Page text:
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Pencil_Pusher

I feel the need, the need for...

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SPEED

Wonderland Trail in under 24 hours

Here it is, Norm... in full color.

pitty.gifpitty.gif Somebody, or a few bodies, will make the Wonderland fall to under 24 this year. pitty.gifpitty.gif

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Pencil Pusher and I have been batting this idea around. The only record I've seen posted has been about 29 hours, and it didn't even specify if that was in a single push. To do it in under 24 hours would be a record of sorts, although the Western States endurance run in California is slightly longer, has about the same elevation change, and has been done in 16:40 or so by Seattleite Scott Jurek. To do 93 miles in under 24 hours would only require a 4 mph pace, meaning a fast hike at all times, increasing to a slow jog for the flat and easy downhill parts.

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That's still a damn long time to be hiking/running/whatever. Would you planning on having help parties along the way for water, etc, or take everything on your back?

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I haven't made any solid plan, except to carry a waist pack, probably my usual 3 liter camelbak plus food, a light extra clothing layer, probably iodine tablets instead of a filter. You can cache food at 3 different places along the way. I would feel a lot more secure if I had a few people checking on me at the main trailheads, mainly so they could decide to force me to stop if I was too out of it to make my own decision. I will only pursue this goal if the Chuckanut Mountain 50 K in March (31 miles, 5000 ft elevation change) goes well. If I bag the idea of the Wonderland, I might go for a Stevens to Snoqualmie PCT run, or an Olympic range crossing. Then there's always Olympus again, this time a dawn-to-dusk run in under 14 hours.

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Pencil Pusher and I have been batting this idea around. The only record I've seen posted has been about 29 hours, and it didn't even specify if that was in a single push. To do it in under 24 hours would be a record of sorts, although the Western States endurance run in California is slightly longer, has about the same elevation change, and has been done in 16:40 or so by Seattleite Scott Jurek. To do 93 miles in under 24 hours would only require a 4 mph pace, meaning a fast hike at all times, increasing to a slow jog for the flat and easy downhill parts.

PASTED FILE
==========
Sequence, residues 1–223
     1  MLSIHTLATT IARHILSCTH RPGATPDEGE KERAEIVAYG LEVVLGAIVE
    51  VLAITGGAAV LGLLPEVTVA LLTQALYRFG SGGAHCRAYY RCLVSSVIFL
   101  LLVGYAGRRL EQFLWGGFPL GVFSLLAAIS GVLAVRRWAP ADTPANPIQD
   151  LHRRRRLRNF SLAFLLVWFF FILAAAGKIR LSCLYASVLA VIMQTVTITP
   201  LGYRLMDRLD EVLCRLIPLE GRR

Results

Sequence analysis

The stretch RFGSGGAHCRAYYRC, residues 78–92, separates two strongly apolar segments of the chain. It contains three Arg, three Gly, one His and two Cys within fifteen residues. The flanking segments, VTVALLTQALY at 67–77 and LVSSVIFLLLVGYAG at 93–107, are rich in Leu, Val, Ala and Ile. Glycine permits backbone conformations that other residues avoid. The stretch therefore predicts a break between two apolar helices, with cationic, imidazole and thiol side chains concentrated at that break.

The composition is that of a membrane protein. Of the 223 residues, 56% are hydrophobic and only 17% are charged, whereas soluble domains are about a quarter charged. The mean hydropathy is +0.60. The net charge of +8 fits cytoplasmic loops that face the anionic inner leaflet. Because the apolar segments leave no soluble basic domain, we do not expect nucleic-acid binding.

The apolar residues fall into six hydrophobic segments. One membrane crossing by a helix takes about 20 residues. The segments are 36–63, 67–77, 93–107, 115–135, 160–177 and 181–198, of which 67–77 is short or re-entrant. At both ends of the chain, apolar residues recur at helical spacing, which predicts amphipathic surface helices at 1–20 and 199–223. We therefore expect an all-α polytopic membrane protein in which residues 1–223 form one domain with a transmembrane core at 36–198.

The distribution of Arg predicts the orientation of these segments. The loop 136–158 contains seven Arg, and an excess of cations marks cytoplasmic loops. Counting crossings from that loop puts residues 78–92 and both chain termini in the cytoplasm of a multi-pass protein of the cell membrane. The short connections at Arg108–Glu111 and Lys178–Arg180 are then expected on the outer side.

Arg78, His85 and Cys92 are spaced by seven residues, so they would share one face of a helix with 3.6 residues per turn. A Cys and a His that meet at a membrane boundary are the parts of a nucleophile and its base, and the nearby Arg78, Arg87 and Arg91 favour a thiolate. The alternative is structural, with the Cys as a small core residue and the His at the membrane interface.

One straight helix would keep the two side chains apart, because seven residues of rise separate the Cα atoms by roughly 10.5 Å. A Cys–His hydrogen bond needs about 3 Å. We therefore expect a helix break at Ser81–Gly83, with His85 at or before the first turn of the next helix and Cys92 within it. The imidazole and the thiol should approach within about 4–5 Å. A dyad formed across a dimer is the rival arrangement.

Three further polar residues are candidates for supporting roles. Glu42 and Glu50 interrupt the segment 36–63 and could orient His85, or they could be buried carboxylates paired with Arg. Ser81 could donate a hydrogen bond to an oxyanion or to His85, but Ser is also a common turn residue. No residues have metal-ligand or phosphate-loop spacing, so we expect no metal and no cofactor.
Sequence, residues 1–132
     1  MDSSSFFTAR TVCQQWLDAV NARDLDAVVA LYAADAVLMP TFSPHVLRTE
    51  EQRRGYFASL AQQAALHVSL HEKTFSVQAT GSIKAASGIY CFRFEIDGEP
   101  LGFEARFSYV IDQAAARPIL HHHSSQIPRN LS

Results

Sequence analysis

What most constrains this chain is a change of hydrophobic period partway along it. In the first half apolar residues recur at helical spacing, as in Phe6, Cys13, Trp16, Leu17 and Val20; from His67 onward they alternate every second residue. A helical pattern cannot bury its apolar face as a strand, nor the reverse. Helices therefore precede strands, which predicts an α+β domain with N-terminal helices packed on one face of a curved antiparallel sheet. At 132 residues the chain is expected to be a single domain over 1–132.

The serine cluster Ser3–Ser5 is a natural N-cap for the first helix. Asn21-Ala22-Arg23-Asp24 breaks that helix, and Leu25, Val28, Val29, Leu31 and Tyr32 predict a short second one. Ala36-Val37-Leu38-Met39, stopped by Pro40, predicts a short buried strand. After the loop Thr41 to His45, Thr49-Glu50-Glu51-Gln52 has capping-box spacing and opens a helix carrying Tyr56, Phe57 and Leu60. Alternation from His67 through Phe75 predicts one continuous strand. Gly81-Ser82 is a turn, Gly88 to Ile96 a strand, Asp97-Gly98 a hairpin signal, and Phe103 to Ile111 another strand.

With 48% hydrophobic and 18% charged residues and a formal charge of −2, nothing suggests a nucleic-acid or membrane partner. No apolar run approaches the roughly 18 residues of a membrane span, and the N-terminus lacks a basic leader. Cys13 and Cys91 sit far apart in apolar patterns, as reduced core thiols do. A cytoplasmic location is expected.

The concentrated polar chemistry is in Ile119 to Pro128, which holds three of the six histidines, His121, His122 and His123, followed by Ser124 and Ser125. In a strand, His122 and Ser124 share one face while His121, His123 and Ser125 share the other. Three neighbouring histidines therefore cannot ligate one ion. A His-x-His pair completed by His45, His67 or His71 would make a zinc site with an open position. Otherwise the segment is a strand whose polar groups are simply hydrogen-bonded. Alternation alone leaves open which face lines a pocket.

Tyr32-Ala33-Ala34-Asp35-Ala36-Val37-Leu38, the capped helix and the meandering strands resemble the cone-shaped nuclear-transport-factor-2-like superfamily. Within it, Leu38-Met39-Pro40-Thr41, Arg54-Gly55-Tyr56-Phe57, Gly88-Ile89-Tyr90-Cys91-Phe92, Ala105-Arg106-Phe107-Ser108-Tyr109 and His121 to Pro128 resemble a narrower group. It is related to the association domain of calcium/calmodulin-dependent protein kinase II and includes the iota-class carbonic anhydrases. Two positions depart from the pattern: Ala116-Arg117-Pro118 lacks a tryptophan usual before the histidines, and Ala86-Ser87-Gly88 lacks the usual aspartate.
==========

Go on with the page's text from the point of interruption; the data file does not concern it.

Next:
Course record for the WS100 is 15:40:41 ('97) Mike Morton. If you didn't have the right time for a well-covered race, you might not have the right time for a non-race circuit.

 

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When I cited Jurek's time, I was only mentioning the winning time from last year, because I didn't actually know the course record for the WS100. It's easy enough to find out the record for an organized event, as you say, but might be harder for the Wonderland trail. This brings up other issues about verification of times. I have not forgotten the skeptical responses to Dan -'s first speed climb of Rainier, which caused him to do it a second time with a GPS on his person. The added weight of a GPS would be unwelcome, but might be necessary to quash naysayers.

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Go for it Norman!

About the GPS weight ... i think he used one of those 5.5 ounce Garmin's, and also superlight lithium batteries, which are like 1/5 the weight of regular batteries i think. So the total weight would be around 8 ounces i think , maybe a bit less or a bit more -- not bad. (Check out those lithium's -- Wallgreen's has them -- definitely more expensive. You'll be amazed by the weight difference).

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I dropped a line to Mike Gauthier, to see if he knew the record or the record holder. He's not sure, but he thinks that Rainier climbing ranger (of course) Dan Ostrowski did the trail in under 24 hours back in 1991. Now the big question is how much under 24 hours. I will be more motivated to go for it if I think I have a shot at the record. I start out on these ventures with the purest of motivations, seeking only unity with nature, but I find that a little competitive urge adds spice to the mixture and keeps me going.

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From the challenge of RAINIER. Dan Ostrowski Sept,1991 set record on the wonderland trail .Time to beat is 27hrs.56mins.Bettering Ken Evans 1984 record of29hrs. 10 mins